The situation poses interesting questions about content ownership, social media, and brand journalism. On a professional account, content must conform to the organisation's social media policy. However, Poynter explained that the question of what to do with an account after the journalist leaves has not yet been directly addressed in these guides.

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Author

Florence Pichon

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2011-07-26 13:40

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Check out who The Guardian considers to be the 100 most powerful people in media at the moment.

If you needed yet more proof as to just how incendiary Twitter can be, let Jeff Jarvis show you, with his rebellious new hash-tag.

Are you designing your digital apps with the right mindset? Khoi Vinh tells us exactly what is wrong with how Condé Nast design their digital media products.

Google launches a new publication, aimed at informing digital advertisers, the first edition of which will be released out as a hardback book with interactive tactile elements.

After having portions of his book, The Insider, quoted during the Parliamentary Inquiry into phone hacking, the scandal is now threatening to envelop Piers Morgan. Now a presenter on CNN, legal action may be looming for the self-made media man.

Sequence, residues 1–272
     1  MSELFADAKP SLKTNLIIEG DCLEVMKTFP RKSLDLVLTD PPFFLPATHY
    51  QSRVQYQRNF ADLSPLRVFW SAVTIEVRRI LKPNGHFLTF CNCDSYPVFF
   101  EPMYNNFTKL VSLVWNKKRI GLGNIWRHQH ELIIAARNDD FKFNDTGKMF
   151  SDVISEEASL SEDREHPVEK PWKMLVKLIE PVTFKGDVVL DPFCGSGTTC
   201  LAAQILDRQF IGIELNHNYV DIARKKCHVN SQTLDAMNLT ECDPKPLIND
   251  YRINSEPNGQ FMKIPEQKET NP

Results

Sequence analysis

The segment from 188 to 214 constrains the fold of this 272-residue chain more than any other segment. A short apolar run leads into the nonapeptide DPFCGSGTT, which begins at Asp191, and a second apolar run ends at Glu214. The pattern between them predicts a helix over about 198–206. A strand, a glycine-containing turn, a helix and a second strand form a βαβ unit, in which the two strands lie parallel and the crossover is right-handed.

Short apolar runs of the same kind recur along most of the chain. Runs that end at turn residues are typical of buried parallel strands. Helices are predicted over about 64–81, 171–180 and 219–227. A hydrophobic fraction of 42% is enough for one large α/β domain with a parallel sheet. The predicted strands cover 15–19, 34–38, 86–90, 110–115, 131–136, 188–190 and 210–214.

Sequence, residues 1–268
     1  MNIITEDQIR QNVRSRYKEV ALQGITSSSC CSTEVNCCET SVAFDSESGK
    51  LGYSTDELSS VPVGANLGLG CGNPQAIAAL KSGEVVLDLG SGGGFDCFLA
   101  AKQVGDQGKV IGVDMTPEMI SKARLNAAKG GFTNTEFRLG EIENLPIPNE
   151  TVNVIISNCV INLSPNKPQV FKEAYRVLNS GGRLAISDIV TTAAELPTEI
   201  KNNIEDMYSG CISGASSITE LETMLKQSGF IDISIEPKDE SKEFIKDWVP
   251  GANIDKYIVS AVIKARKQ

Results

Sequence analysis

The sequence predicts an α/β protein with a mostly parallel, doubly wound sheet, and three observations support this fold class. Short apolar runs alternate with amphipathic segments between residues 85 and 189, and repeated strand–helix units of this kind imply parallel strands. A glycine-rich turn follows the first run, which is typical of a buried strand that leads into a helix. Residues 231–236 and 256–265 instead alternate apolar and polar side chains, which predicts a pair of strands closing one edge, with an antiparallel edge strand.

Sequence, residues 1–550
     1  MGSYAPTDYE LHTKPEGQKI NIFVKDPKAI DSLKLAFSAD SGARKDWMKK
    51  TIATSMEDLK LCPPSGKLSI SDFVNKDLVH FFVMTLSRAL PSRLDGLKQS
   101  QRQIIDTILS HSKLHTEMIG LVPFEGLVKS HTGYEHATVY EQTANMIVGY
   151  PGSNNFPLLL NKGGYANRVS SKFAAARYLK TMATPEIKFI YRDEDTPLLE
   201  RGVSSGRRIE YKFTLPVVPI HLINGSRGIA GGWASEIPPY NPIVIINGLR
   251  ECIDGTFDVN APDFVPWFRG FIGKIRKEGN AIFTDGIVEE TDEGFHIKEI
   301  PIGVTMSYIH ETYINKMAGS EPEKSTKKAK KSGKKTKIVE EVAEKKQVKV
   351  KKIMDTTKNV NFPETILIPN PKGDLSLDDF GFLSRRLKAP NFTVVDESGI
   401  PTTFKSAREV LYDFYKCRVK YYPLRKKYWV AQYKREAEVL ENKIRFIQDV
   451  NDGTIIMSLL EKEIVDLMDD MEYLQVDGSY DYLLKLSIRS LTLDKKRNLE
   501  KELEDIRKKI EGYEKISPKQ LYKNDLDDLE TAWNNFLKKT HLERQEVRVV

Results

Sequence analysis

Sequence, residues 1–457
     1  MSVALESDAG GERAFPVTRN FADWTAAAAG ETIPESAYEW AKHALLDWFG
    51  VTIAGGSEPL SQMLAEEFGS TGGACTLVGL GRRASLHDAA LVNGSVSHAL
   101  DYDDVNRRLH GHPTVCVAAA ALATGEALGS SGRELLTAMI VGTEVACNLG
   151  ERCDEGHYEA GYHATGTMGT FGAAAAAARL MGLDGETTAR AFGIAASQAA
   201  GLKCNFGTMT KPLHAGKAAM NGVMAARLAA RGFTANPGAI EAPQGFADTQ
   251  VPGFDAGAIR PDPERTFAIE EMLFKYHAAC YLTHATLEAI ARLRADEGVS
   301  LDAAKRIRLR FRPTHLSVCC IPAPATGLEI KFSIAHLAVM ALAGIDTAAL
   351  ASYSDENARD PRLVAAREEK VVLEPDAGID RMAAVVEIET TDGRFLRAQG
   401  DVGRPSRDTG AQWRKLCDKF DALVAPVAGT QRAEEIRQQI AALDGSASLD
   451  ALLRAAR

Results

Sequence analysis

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Author

Katherine Travers

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2011-07-25 19:31

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In an industry without many top women editors, the news that Georgina Henry will be taking over digital operations at the Guardian may be a small sign of a changing newspaper culture.

According to The Guardian, Henry will be responsible for all aspects of the Guardian.co.uk except news. She is no stranger to the publication, as she is coming from her spot as the head of culture at The Guardian and Observer. In 2008, she helped revamp the "Comment is Free" section of the website.

Her predecessor, Janine Gibson, will be moving to head the Guardian's digital operation in the U.S. She will lead a team based in New York. Earlier estimates stated that the newspaper hoped to have the U.S. site up and running by September.

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Author

Florence Pichon

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2011-07-25 18:48

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As more and more efforts to provide news with a hyperlocal approach materialise, a pattern seems to be emerging. On the one hand, there are websites and newspapers that have sprung up from more or less local circumstances and that operate on a modest budget. On the other, there are big endeavours that attempt to cover several communities, AOL's Patch being the most notable example.